Taking into account the aggregate payment of wages, salary and incentive bonus in the preceding year and those paid in the year in dispute and also comparing these figures excluding the salary, and taking into account the payments relating to wages and incentive bonus alone in the two years, he sustained the disallowance to the extent of rupees 10 lakhs only.

Being aggrieved by the order of the CIT(A), the assessee, as well as the Revenue, both filed appeals before the Tribunal. These cross-appeals were decided by a consolidated order, The Tribunal dismissed the Department’s appeal whereas the assessee’s appeal was accepted in toto. Thereafter, the Revenue applied for references under s. 256(1) of the Act which were not granted. It is in these circumstances that the present two applications under s. 256(2) of the Act have been filed giving rise to question No.1 and other questions considered earlier.

Learned counsel for the Revenue took us through the Tribunal’s order and various findings concerning question No. 1. The main thrust of his argument was that the Tribunal had reversed the orders of the tax authorities without referring and dealing with the evidence relied upon by those authorities. It was argued that the Tribunal while allowing the assessee’s claim relied upon tailor-made and selfserving certificate obtained by the assessee, instead of meeting the material used against the assessee.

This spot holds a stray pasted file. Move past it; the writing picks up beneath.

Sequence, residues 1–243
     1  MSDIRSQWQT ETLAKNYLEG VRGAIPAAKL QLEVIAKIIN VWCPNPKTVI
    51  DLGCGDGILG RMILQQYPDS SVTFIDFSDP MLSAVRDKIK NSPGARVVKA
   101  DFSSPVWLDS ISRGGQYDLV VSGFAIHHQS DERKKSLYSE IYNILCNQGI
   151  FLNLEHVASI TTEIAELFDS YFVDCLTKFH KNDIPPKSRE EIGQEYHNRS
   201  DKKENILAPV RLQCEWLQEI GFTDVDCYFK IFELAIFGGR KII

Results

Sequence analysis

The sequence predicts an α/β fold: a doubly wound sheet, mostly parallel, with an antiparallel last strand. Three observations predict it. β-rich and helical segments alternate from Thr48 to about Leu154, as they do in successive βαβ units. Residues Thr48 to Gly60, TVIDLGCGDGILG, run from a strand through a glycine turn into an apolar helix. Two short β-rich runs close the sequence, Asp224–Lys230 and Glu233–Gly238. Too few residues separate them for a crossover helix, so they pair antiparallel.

Mr. Sudhir Chandra, learned counsel appearing for the assessee, contended that assuming the criticism levelled against the Tribunal’s order to be true, yet the present application regarding question No. 1 is liable to be rejected for it amounts to reappraisal of evidence soundness of reasons recorded in support of the finding of fact and sufficiency of evidence. This, according to him, does not give rise to any question of law which should be gone into by this Court, exercising its advisory jurisdiction under s. 256 of the Act. For this proposition, he referred to a few decided cases.

The proposition, as stated by learned counsel for the assessee, is well-settled and there is no quarrel about it. It is not necessary to refer to the decisions cited by him. However, in our opinion, the present case stands on a different footing. It is not a case where this Court is called upon to go into the question either of sufficiency or of reappraisal of evidence, etc.

The question which needs consideration is whether a detailed order passed by the tax authorities based on the material gathered during the scrutiny of the assessee’s own record could, in law, be reversed in appeal without meeting the reasons recorded therein and the material referred to in support thereof by the appellate authority.